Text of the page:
What are employers’ wage-setting options? A rational employer raising or lowering an employee’s wages is not acting capriciously. He neither raises wage rates out of the kindness of his heart nor lowers them out of the greediness of his purse. Instead, based on a wide variety of competing market conditions and the existence of businesses in competition with his own, only a very narrow range of wage-setting options are actually available to any employer at any given time.
For example, if he pays employees too much relative to market conditions, his business suffers relative to his competition, and he finds himself at a disadvantage; his costs are higher than theirs. And if he pays noticeably lower than his competition, he will tend to lose good employees to his competitors, again finding himself at a disadvantage. So unlike the freedom a parent may have doling out allowance increases to a child, an employer is quite restricted: he has only a very narrow range of wage options available if he wishes to stay competitive.
And consider an employer hit with an increase in the minimum wage rate who had been planning to expand his business . This increased wage cost may prevent him from having enough capital to do so. As a result any new employment that would have arisen from his business expansion is prevented or reduced. And not just for those whom he would have employed directly. Other businesses with which he would have transacted during his expansion, but now will not, will be that much poorer, thus exacerbating unemployment forces in these other businesses as well.
And even if the employer were to borrow to replace the capital he must expend paying higher wages, and thus goes ahead with his expansion plans, the amount he borrows is then no longer available to other businesses to borrow, thereby creating an identical problem for these other businesses and their possible business expansion plans. These are the kinds of secondary effects that need thoughtful analysis when creating new economic policy, yet rarely get such analysis, especially from our political leaders.
No one denies that raising the minimum wage rate does indeed benefit some workers in the short-term. But when considering the longer-term effects of such a rate increase, the kinds of considerations we’ve made here, we see there is more to the story. The real, negative consequences of such rate increases are generally more than enough to wipe out any short-term benefits to society as a whole. These negative consequences, so often overlooked, are nevertheless easily understood when pointed out. Still, for political reasons, the fairness argument, of which you will be hearing much between now and the 2014 midterm elections, is constantly rehashed. But it is a nostrum, an emotional argument devoid of economic understanding.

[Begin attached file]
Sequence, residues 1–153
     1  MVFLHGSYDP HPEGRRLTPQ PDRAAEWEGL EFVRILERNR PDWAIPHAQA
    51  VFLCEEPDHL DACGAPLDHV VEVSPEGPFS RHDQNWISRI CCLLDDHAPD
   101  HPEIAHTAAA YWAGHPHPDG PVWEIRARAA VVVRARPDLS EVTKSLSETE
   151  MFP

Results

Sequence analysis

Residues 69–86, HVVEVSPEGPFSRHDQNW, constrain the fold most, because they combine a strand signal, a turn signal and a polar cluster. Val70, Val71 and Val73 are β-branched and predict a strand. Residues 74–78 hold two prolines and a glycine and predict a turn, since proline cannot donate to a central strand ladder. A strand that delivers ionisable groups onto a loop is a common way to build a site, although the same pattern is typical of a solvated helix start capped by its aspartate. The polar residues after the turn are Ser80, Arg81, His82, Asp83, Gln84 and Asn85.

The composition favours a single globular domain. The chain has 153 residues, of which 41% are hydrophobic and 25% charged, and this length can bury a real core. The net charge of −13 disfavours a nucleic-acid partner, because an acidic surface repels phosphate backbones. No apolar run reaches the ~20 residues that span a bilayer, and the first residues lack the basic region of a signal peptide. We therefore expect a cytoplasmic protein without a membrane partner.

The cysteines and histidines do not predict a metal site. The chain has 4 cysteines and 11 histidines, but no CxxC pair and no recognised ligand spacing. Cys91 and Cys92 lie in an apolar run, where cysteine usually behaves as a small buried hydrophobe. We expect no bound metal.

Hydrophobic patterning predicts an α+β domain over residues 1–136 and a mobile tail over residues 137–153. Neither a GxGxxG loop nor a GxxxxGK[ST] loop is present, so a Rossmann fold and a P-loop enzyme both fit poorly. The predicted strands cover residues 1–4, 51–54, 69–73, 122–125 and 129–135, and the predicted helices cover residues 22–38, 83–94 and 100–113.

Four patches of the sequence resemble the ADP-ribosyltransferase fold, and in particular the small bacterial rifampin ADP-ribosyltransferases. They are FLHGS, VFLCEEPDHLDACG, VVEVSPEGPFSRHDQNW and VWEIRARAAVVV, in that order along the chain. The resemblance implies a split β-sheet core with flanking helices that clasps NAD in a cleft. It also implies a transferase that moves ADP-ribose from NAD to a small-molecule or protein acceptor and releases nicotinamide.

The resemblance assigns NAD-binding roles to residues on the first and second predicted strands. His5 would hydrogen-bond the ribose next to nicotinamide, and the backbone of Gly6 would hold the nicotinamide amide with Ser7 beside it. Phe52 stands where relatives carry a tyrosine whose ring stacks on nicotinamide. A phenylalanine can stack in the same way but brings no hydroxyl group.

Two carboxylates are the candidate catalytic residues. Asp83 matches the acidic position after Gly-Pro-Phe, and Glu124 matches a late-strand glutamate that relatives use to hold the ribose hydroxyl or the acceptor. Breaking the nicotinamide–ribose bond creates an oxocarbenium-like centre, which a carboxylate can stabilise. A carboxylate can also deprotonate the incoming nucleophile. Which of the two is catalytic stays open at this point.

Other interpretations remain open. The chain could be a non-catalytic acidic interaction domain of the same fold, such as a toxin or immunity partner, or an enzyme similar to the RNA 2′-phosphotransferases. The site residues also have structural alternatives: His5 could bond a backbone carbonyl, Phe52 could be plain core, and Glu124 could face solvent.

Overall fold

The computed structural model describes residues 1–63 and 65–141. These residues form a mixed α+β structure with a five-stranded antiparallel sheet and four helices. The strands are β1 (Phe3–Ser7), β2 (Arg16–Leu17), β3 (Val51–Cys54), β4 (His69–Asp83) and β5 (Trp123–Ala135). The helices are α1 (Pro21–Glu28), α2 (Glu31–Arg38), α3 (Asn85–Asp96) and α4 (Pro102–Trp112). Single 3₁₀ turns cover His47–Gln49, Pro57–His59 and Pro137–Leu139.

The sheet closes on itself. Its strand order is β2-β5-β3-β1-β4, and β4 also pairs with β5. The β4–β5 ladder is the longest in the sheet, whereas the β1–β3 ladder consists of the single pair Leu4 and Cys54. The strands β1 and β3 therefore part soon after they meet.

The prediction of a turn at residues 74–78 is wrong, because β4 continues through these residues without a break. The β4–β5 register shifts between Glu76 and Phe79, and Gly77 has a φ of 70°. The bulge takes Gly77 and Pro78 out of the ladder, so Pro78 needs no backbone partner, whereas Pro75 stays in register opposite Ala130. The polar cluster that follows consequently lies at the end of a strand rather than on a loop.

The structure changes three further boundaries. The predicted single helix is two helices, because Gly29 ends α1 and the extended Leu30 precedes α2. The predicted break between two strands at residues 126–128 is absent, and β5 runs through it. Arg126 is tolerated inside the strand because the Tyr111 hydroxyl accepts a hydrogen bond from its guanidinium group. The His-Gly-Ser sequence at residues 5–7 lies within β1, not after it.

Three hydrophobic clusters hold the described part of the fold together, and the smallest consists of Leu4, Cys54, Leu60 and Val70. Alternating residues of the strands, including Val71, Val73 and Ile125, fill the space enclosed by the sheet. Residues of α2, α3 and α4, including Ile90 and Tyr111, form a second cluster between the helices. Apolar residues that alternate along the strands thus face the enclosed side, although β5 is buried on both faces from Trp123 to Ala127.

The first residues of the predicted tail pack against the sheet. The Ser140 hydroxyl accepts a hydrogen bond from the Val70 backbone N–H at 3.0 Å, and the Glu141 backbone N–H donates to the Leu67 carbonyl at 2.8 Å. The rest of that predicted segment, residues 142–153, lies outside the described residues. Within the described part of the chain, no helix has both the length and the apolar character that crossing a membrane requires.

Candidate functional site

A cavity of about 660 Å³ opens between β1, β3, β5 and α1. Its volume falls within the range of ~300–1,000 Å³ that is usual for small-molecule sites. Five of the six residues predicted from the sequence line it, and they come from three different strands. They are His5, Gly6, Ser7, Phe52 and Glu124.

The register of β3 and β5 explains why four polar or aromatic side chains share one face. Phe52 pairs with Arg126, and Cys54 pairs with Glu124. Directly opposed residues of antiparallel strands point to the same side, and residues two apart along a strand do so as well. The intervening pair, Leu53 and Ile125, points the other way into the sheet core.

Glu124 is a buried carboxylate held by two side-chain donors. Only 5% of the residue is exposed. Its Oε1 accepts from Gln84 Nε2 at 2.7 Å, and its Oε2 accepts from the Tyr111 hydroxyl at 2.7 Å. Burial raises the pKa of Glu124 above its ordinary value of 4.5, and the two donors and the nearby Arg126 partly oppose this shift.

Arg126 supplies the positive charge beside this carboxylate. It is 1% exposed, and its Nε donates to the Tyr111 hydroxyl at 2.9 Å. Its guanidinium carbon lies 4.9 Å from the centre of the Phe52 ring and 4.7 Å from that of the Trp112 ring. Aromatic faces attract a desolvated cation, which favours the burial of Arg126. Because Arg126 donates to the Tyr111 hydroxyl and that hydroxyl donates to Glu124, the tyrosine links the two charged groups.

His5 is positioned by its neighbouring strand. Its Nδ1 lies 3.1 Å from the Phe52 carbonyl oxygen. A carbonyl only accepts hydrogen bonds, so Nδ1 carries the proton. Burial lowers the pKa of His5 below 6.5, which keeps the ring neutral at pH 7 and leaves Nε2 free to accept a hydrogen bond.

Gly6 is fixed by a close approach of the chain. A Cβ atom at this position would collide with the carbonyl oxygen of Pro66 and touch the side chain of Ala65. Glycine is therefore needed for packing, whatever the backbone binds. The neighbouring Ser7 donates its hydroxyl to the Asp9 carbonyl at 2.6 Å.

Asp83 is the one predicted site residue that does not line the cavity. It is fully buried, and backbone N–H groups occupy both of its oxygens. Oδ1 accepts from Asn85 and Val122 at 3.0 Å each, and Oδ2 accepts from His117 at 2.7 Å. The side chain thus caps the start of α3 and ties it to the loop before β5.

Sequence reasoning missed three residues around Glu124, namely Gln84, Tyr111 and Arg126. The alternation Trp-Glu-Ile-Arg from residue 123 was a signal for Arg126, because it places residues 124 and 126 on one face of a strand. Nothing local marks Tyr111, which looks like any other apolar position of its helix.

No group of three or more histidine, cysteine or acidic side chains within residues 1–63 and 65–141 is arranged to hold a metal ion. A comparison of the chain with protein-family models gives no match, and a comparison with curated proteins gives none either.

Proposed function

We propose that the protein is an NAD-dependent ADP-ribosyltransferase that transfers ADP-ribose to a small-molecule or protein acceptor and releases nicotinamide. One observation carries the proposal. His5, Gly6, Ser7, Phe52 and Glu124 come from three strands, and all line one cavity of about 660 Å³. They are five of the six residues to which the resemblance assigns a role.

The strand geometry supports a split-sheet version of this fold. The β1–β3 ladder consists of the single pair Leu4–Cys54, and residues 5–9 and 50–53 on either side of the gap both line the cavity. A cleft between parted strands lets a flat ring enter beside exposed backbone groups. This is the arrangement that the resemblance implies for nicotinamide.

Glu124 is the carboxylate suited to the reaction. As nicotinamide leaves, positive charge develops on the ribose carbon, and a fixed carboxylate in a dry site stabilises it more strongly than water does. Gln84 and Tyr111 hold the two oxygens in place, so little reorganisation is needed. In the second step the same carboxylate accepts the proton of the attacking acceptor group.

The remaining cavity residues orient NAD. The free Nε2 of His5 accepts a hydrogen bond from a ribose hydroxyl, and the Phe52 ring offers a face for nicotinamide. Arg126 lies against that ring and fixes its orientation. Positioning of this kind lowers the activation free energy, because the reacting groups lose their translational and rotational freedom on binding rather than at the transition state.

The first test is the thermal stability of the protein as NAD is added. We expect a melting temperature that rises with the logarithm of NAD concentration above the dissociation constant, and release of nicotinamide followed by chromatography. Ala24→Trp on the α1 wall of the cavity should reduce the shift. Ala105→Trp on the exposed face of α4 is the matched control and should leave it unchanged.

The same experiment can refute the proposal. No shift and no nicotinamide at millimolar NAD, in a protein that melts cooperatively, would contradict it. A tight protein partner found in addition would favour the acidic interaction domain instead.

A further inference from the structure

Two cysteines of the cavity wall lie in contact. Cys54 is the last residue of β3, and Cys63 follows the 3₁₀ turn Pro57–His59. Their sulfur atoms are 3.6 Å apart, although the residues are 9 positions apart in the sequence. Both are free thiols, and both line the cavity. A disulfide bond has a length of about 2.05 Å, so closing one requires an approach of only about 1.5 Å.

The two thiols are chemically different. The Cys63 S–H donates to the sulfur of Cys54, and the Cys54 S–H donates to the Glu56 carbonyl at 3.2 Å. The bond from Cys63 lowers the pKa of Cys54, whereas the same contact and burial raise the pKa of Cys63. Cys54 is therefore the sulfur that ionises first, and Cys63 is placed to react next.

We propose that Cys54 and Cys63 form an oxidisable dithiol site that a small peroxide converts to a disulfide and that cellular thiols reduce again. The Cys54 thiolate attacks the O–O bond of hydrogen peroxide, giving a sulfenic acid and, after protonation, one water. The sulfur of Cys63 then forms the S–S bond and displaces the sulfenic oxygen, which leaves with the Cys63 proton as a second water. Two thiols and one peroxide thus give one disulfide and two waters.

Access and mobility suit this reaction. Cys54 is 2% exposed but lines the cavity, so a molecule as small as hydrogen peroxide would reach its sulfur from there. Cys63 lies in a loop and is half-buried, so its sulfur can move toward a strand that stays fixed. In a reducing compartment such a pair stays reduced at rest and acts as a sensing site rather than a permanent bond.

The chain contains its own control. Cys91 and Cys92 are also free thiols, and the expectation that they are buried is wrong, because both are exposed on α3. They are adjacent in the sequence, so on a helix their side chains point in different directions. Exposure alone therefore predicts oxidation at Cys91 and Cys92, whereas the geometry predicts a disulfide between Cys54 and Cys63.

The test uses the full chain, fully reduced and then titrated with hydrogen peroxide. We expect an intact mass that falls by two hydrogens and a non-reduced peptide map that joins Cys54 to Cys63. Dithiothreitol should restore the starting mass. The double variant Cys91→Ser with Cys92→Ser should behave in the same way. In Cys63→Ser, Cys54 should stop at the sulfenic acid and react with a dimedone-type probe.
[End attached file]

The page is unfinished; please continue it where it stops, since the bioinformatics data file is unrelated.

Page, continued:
The only real way to increase workers’ standards of living is by increasing their productivity and thus their worth to employers. These remedies include new time-saving machines and inventions, greater management efficiencies within industries, and better worker education. Quite simply, the more a worker can produce for his employer, whether a worker provides skilled or unskilled labor, the more he is worth to his employer. When such a productivity increase occurs, employers in competition with each other naturally bid up the price of labor. This competition increases workers’ money wages (the amount they get in dollars).
A final question. What prevents an employer from underpaying his employees and pocketing the “excess” profits that accrue after an increase in worker productivity?
The employer would like nothing more than to add this increased-productivity gain to his own profits. Indeed, that’s why he’s in business. But ultimately one of his competitors will realize that he would have a competitive advantage by using at least a portion of this “excess” capital to raise the pay rates of his employees, allowing such a competitor to attract better employees (better in the sense that he expects to gain more profit from their services), and thereby gain a competitive advantage. It should be noted that when such a competitor raises wage rates in this manner he does so not out of the kindness of his heart, but instead out of his own self-interest. Such is the beauty of capitalism.
This is a great example of the free market’s “invisible hand” of which Adam Smith wrote so eloquently in The Wealth of Nations: the self-interest of free market participants, without any government coercion, increases the wealth of society as a whole. In the case we’ve been considering, competitors acting out of their own self interests bid up the price of labor, allowing workers to share the benefits of their increased productivity. Again, an employer attempting to keep for himself all the gains resulting from increased worker productivity would, in short order, find himself at a competitive disadvantage.
And in their roles as consumers, workers enjoy further the fruits of their increased productivity–an increase in purchasing power. When workers are more productive, they (and all society) benefit from the resultant increase in quantity of available products newly available at lower prices. Indeed, this is the only definition of an increase in standard of living that is actually meaningful–one that results in an increase in purchasing power. In contrast, a government-mandated increase in the minimum wage does not increase society’s standard of living–just primarily its unemployment rate.